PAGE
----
HR & EDUCATION | Staff Reporter, Hong Kong

Hong Kong's IT sector poised for strong employment growth

Despite long-term stability of unemployment figure.

Randstad Hong Kong has responded to the latest unemployment and underemployment figures issued recently by the Census and Statistics Department.

According to a release from Randstad, Michael Smith, Managing Director of Randstad Hong Kong, Malaysia and Singapore, highlighted that despite the long term stability of Hong Kong’s unemployment figure of 3.3%, there is considerable movement in Hong Kong’s employment market.

Mr. Smith noted, “As per expectations, the general economic environment in Hong Kong has been stable and unemployment has remained at a low 3.3%. Despite this stability, there have been major changes in the underlying industries that are operating in Hong Kong.

“Declining industries such as retail, food and entertainment, which have not rebounded due to slowing inbound tourism, as well as the continued decline in manufacturing, are offset by strong growth in other sectors. Key areas of growth include IT, financial services and construction.”

Here's more from Randstad:

Growth in construction can be attributed to strong public infrastructure spending whilst financial services has seen private banking & wealth management in high demand due to last year’s high performance compared to corporate and commercial banking.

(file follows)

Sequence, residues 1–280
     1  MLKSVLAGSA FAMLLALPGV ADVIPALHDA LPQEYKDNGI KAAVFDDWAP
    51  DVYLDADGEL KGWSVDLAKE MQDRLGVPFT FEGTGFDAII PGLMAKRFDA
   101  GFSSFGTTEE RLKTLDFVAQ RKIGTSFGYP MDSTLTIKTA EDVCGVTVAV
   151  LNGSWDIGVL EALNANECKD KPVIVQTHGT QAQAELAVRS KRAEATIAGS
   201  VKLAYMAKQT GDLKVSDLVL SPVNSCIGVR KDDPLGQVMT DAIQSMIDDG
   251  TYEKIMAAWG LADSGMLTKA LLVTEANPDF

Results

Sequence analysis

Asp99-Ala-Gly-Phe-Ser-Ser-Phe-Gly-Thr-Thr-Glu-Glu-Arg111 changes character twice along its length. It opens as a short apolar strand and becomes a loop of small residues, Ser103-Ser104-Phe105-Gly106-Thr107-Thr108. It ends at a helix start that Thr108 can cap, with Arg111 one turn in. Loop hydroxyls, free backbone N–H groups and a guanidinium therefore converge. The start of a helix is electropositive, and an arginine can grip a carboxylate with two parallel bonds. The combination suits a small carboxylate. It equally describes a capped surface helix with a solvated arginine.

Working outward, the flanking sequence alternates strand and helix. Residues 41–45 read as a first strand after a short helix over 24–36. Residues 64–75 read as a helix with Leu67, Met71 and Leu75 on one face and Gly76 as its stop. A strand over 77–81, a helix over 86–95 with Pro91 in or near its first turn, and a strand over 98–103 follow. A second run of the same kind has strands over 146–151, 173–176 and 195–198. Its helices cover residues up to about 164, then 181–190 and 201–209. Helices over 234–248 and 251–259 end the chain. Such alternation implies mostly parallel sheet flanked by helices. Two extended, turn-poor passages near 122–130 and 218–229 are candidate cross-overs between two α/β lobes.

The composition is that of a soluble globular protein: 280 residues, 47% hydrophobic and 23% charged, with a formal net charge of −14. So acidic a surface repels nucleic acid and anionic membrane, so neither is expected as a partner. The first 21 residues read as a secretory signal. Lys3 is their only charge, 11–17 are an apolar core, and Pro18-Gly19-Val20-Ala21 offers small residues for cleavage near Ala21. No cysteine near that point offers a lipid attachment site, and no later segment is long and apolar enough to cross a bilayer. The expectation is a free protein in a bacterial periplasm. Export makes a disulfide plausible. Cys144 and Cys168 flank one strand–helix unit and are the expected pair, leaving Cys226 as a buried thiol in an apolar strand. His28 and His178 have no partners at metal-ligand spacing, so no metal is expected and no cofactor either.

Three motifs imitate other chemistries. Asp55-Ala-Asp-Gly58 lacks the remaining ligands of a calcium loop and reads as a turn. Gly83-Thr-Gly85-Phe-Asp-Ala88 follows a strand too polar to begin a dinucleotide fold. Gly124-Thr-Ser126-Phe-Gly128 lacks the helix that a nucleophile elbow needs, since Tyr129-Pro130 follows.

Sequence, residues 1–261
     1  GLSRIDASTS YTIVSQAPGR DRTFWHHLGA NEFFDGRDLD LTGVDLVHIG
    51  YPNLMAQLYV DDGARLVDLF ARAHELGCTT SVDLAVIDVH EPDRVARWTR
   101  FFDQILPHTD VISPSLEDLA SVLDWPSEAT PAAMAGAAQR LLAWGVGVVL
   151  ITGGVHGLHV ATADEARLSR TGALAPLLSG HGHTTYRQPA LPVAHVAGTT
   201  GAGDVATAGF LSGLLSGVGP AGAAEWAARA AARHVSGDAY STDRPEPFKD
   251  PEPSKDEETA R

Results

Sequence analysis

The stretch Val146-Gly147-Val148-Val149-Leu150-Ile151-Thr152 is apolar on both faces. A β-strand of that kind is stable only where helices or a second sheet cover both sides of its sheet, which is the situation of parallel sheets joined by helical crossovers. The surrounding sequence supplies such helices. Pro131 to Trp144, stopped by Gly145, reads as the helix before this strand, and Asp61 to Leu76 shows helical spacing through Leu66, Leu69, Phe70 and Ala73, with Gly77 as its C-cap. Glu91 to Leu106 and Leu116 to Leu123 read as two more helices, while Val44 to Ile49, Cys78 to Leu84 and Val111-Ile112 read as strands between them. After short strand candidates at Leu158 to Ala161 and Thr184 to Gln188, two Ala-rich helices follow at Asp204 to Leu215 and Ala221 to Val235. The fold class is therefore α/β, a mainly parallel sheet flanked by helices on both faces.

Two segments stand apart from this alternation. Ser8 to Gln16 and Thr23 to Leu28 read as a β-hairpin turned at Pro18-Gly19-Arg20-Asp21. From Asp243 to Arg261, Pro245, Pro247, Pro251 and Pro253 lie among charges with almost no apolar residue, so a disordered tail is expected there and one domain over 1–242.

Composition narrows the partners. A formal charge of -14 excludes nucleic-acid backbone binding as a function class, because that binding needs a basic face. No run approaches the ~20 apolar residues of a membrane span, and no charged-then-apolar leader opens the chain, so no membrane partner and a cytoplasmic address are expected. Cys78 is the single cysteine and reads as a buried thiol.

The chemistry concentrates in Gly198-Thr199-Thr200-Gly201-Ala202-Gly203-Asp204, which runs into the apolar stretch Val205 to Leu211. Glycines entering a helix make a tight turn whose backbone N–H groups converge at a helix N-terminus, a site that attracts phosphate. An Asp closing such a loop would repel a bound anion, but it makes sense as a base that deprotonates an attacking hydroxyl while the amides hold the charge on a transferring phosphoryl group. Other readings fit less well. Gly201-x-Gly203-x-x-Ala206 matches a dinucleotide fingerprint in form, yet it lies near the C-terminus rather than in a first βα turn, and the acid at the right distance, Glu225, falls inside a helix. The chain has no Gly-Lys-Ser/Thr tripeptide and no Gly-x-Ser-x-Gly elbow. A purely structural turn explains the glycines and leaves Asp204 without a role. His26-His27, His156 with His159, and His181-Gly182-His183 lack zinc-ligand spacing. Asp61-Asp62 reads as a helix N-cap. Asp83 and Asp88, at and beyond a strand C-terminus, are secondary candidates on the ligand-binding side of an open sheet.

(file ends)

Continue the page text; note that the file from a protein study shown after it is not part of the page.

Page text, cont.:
In addition, the Mutual Recognition Fund scheme will drive talent demand for fund management, especially those with experience in China, and can expect and average salary increase of 20 to 25 per cent.

The IT sector is also set for strong growth and increased talent demand with plans such as the Hong Kong Government’s $2 billion Innovation and Technology Venture Fund and other initiatives such as the “WiFi City” plan.

Demand for talent in telecommunication, such as 4G network engineers, will be higher than ever with projects such as the “WiFi City”. Coding specialists are particularly in high-demand and can expect bonuses of up to 25 per cent of their annual salary.

“We don’t expect to see any major changes in the coming year for Hong Kong’s economic standing and employment figures, provided that the global and Chinese economic environments are not hit with major issues,” added Mr. Smith.

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